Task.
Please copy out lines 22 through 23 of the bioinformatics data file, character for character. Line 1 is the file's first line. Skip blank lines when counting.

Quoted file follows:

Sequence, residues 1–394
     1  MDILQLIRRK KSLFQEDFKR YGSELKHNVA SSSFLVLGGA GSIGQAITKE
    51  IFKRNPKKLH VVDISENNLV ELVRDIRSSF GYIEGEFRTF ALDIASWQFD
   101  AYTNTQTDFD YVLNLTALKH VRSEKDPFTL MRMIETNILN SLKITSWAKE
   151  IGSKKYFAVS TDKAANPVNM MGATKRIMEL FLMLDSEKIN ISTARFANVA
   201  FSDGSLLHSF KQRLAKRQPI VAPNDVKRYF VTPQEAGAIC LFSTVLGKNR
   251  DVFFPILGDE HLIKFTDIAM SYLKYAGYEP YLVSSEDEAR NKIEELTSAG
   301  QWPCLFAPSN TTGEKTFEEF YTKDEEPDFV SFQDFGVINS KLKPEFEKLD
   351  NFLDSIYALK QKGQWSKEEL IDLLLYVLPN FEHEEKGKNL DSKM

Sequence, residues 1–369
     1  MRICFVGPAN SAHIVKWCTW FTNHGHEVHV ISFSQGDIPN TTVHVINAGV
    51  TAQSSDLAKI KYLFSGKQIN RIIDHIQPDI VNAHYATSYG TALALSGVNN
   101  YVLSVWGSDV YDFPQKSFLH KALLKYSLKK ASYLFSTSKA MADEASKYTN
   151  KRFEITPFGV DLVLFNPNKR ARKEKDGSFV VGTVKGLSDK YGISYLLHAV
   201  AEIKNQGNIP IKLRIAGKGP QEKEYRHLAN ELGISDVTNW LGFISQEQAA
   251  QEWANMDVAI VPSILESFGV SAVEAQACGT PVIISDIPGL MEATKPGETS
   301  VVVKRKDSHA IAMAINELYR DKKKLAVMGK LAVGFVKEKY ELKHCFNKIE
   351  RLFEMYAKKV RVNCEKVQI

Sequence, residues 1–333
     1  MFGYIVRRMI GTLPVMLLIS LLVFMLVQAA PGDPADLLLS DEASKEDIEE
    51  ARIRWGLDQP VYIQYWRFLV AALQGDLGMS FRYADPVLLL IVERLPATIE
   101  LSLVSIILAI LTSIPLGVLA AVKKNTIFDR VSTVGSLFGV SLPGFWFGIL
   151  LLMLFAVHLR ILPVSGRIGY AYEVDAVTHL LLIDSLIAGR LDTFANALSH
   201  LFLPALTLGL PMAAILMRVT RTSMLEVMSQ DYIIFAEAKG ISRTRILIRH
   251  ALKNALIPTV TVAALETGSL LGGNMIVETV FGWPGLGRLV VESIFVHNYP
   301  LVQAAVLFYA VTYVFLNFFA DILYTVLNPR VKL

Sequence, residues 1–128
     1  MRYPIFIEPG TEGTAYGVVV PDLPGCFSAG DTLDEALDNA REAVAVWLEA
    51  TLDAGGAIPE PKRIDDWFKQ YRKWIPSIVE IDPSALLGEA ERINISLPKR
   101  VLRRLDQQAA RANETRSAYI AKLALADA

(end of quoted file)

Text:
   101  LSLVSIILAI LTSIPLGVLA AVKKNTIFDR VSTVGSLFGV SLPGFWFGIL
   151  LLMLFAVHLR ILPVSGRIGY AYEVDAVTHL LLIDSLIAGR LDTFANALSH